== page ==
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Who pays for search-and-rescue costs in B.C.?

'Imagine if there was a risk of being charged for a house fire'
Search-and-rescue costs are never passed down to subjects in Whistler and throughout B.C., no matter how those individuals or groups found themselves in need of assistance.

Each time a search-and-rescue operation makes its way into the headlines—for example, when Whistler Search and Rescue (WSAR) responded to four separate callouts in a single day earlier this March—a handful of social media users will inevitably leave comments asking a variation of the same question: "Who's paying for it?"

In British Columbia, that's never the search subject, no matter how individuals or groups found themselves in need of assistance. It is the case not just in B.C., but across all Canadian provinces.

Whenever rumours arise that B.C. could consider charging search-and-rescue fees, “it causes us grief,” said Dwight Yochim, CEO of the British Columbia Search and Rescue Association (BCSARA). The organization advocates on behalf of the province’s 78 different ground search-and-rescue groups and their more than 3,400 highly-trained volunteers. 

“What happens is someone goes missing; they don't tell anyone. Even if they have cellphone contact, they call their friends and their friends won't call 911, they'll try and go out and do the rescue themselves because they're afraid of the bill they might get,” he explained. “It just delays us, and potentially means, rather than one subject, we now have several."

Or, “Imagine if there was a risk of being charged for a house fire,” Yochim analogized, “so someone tries to put out their house fire with a garden hose, and it catches the next house on fire and eventually the fire department has to show up. It's the same thing. These are first responders.”

The sooner the call, the quicker the response, and the better the chance of a positive outcome, Yochim said. “The kind of society we have is we respond to people in need, and we don't question it,” he explained. “That's the position BCSARA has taken; that that's the way we should do it to reduce risk.”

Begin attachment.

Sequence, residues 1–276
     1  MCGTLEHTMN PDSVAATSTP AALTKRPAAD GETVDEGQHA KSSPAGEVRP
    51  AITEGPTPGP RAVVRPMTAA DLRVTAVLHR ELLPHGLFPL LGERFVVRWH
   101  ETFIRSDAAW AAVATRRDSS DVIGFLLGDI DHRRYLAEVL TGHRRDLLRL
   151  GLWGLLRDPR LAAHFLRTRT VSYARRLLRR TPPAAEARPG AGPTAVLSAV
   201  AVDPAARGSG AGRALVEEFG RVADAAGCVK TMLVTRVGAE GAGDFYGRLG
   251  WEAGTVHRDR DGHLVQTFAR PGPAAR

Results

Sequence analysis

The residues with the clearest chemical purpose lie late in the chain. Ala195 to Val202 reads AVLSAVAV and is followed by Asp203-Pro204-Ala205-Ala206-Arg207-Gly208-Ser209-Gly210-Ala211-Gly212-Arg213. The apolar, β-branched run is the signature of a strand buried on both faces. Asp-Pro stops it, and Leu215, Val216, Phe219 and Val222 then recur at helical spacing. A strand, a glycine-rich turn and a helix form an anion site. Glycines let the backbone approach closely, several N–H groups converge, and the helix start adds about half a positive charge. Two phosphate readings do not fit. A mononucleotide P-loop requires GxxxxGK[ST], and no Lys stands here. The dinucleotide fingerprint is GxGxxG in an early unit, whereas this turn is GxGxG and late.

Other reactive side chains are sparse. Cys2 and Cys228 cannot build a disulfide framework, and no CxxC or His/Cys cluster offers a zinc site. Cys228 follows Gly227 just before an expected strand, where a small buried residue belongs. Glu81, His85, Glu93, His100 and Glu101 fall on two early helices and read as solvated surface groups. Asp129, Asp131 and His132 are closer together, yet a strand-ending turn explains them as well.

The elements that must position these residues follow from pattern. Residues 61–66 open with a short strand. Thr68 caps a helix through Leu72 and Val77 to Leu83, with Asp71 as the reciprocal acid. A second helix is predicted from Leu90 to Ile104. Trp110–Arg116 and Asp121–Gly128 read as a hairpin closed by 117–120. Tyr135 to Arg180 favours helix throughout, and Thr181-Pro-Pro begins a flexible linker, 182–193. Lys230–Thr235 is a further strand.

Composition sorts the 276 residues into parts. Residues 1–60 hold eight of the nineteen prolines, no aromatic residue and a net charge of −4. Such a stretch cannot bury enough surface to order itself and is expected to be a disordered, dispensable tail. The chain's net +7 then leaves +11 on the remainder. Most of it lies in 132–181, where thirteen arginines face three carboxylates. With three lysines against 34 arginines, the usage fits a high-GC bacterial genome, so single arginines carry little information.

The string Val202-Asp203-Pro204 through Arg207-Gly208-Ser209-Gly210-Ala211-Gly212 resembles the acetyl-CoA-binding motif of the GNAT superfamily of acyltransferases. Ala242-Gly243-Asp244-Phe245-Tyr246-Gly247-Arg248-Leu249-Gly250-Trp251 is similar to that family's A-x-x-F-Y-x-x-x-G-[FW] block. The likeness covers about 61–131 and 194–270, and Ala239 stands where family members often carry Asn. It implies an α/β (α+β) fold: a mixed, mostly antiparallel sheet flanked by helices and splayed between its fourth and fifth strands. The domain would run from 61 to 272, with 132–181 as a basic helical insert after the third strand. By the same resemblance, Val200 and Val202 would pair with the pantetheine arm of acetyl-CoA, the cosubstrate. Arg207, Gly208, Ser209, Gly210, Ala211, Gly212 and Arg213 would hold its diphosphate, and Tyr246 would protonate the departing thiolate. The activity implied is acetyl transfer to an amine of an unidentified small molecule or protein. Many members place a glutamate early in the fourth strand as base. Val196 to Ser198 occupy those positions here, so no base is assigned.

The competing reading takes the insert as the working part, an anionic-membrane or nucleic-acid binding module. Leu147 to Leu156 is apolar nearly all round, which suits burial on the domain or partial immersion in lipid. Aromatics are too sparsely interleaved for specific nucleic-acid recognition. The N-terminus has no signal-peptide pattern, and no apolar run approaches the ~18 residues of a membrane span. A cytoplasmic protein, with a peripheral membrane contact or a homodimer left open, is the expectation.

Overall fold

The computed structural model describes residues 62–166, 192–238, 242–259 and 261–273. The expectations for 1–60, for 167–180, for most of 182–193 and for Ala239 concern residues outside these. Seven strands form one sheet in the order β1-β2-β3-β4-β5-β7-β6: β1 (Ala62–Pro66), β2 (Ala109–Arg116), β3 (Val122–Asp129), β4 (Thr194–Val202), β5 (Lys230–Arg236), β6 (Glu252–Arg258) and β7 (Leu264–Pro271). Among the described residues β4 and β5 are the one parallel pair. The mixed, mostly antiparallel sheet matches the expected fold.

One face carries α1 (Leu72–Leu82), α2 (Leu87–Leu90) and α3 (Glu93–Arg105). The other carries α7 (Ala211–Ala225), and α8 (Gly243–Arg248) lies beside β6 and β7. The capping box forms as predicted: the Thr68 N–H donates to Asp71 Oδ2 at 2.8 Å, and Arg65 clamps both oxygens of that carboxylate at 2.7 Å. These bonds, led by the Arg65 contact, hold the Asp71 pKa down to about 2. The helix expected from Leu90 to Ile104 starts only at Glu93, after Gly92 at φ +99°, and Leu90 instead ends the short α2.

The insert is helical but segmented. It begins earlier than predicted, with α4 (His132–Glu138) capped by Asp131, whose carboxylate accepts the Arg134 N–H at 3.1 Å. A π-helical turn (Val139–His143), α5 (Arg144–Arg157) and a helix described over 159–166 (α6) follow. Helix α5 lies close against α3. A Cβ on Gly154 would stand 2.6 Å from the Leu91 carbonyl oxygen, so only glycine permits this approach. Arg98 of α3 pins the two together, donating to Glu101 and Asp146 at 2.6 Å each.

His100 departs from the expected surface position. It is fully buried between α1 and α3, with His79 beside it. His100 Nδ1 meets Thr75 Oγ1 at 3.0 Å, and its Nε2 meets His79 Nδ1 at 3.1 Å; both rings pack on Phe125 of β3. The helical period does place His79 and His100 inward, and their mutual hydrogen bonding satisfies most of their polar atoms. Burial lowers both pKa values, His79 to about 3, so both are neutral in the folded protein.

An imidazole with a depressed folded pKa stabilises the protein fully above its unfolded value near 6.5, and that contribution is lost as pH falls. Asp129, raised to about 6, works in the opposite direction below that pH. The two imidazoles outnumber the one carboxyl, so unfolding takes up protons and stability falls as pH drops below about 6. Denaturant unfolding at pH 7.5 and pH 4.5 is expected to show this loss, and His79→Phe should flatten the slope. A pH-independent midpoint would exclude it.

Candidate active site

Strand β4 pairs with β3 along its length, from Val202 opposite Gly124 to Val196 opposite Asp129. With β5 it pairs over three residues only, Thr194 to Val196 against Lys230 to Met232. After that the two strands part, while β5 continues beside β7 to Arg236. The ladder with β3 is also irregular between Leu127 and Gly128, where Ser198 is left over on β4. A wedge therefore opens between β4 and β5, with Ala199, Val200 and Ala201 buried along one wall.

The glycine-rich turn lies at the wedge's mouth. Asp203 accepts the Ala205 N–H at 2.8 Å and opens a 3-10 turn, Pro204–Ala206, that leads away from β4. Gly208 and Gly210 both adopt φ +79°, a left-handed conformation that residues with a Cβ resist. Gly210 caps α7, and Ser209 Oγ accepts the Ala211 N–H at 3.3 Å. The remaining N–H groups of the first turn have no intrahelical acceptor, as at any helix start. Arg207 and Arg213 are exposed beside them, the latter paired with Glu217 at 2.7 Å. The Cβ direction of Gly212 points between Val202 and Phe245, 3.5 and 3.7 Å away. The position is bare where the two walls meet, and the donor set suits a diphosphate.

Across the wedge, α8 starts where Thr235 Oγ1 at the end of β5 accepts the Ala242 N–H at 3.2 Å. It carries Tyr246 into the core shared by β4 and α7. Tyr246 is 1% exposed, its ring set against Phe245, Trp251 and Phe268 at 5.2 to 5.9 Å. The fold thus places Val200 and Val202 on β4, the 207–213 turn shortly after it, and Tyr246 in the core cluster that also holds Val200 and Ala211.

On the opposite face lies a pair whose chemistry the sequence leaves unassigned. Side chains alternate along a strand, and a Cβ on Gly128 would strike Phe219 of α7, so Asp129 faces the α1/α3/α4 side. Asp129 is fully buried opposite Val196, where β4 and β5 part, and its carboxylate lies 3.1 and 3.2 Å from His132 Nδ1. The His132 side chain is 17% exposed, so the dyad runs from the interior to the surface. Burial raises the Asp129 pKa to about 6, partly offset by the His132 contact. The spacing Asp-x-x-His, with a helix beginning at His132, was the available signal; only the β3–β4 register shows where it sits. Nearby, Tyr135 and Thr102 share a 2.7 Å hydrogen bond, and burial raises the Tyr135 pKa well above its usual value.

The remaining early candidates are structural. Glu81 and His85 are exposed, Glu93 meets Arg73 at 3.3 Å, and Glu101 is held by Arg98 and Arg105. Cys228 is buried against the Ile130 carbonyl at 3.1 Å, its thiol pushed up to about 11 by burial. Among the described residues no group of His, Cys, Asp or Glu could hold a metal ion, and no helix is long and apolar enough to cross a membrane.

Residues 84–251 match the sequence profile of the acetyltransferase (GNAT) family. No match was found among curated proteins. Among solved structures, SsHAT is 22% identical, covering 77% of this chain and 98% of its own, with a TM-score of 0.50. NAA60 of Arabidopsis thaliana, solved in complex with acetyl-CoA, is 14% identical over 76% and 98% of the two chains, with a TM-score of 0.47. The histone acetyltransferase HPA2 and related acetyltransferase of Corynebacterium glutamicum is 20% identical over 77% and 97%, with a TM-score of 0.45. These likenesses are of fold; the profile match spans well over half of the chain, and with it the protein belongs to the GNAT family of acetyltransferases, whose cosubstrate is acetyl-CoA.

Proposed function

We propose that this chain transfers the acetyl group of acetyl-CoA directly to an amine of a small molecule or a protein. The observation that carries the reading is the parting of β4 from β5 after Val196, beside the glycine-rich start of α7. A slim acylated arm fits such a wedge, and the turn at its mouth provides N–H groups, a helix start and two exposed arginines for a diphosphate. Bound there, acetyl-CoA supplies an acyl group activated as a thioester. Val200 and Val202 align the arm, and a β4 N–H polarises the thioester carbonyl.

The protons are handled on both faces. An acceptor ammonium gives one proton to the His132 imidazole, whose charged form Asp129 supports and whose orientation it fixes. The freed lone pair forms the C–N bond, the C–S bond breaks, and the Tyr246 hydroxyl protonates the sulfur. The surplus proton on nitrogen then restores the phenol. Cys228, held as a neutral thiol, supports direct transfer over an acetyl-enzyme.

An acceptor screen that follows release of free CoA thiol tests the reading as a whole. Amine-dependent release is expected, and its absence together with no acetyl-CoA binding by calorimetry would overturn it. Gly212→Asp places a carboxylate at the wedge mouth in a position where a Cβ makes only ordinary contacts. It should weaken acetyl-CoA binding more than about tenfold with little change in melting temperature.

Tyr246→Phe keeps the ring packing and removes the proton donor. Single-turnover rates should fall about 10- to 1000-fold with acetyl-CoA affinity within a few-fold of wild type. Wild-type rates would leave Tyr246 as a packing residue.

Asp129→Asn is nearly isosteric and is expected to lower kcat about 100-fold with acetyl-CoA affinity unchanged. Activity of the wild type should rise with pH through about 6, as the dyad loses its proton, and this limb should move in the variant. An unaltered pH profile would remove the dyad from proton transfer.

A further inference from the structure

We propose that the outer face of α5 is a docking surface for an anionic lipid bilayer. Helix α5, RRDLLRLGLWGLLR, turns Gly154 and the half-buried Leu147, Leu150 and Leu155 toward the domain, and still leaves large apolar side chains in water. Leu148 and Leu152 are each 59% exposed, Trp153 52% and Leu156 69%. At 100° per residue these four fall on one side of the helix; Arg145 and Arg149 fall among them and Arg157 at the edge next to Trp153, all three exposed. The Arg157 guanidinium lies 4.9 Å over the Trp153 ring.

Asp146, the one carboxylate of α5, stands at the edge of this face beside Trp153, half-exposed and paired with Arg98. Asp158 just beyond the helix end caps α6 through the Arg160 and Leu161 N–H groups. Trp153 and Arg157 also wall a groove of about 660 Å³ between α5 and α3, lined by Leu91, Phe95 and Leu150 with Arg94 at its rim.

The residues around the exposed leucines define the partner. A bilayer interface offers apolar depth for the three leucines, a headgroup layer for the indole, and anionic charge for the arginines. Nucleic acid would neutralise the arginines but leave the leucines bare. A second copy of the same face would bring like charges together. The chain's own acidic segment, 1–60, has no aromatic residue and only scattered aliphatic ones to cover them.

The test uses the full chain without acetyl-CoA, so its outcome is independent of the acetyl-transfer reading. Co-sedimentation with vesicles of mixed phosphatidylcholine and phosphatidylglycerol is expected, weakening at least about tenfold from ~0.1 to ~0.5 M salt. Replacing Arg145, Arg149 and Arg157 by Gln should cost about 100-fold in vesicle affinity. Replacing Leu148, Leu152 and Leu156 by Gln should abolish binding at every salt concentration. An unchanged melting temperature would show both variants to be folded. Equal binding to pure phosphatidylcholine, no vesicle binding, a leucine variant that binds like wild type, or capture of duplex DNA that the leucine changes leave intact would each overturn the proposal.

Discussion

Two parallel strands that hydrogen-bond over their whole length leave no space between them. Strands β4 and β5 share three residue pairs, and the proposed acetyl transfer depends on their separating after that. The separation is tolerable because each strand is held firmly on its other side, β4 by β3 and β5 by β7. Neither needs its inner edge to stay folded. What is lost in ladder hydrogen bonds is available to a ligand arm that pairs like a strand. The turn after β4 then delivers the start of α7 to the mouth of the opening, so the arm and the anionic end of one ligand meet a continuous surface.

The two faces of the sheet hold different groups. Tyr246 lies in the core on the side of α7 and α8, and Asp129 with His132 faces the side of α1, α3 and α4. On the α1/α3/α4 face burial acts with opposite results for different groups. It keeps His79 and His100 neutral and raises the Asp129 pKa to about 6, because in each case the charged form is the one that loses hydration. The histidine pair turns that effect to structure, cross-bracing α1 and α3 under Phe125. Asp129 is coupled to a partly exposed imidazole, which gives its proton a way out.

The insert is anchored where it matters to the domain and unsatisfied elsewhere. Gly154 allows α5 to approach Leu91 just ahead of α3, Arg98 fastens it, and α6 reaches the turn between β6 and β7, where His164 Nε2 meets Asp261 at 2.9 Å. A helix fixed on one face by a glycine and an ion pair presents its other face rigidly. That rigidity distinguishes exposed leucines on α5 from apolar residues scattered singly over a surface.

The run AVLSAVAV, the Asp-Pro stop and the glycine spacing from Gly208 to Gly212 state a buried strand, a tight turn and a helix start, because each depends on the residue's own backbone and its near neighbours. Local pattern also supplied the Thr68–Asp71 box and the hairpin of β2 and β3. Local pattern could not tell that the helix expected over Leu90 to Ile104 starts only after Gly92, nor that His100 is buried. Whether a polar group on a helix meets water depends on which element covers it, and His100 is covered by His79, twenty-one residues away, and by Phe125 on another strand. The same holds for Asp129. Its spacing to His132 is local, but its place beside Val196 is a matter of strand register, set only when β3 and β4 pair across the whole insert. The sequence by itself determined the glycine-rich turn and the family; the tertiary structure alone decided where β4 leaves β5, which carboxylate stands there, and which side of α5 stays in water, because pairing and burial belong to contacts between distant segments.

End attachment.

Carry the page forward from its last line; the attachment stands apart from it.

Still, that's no excuse to venture out into the great outdoors unequipped. 

"Could people be more prepared? Absolutely," said Yochim. BCSARA stats show about half of rescue subjects suffered an injury, he added, while the majority of the other half reach out for help after getting lost or stuck.

In many cases, "They didn't bring a map with them. They didn't check the weather conditions. They didn't check avalanche conditions, or they didn't bring a flashlight or bring up the essentials with them," Yochim explained. Even something as seemingly minor as wearing appropriate footwear on a hike could help prevent leg or ankle injuries, he said. 

"Those are things that could be done to prevent callouts," Yochim added. "It would be nice to give Whistler and other teams a break and and have a couple of weekends with no calls. And that could happen if those that are enjoying B.C.'s outdoors prepare a little bit better."

How much taxpayer money goes towards B.C. search-and-rescue groups?

In 2022, the province of British Columbia provided a total of $5,961,000 in funding for search and rescue. Of that, $4,918,750 flowed directly to ground search-and-rescue organizations across the province, while the remaining $1,042,250 went towards BCSARA and its initiatives. The B.C. government also foots the bill for any costs incurred during a search-and-rescue operation, whether that be food, helicopter fuel, damaged equipment or other expenses. In 2018, BCSARA estimated an approximate annual cost of $12 million to fund all 78 groups. Taxpayer money "covers about 50 per cent of the costs for them to be task ready," Yochim said. 

Approximately $72,000 in provincial funding was directed to the team in Whistler last year, helping pay for members' training and for specialty technical rescue gear, said WSAR manager Brad Sills. That represented a 17-per-cent drop in provincial funding from 2021, when WSAR received roughly $87,000 from Victoria. The 2022 funds were anticipated to cover about a fifth of WSAR’s annual costs, Sills told Pique last June. 

Crews like WSAR are registered non-profits that use donations to make up the balance; paying for training and equipment costs. Aside from WSAR’s annual “Wine'd Up” fundraising event—the 2022 edition last November raised a record-breaking $120,000—some donations come from grateful search subjects who found themselves on the receiving end of volunteers’ services.

“Sometimes you'll save a subject and you'll get a ‘thanks,’ which is really all that the volunteers ask for, but sometimes the subjects will come back in to provide a donation or help with fundraising—the support is quite nice,” Yochim said.

On a province-wide scale, search-and-rescue volunteers responded to approximately 1,500 calls in 2022—down from the about 2000 responses conducted during the first year of the pandemic, said Yochim—and put in more than 440,000 volunteer hours.

“For every hour that Whistler [SAR] is out on a search, they've put in almost four hours in training and administrative work,” he estimated.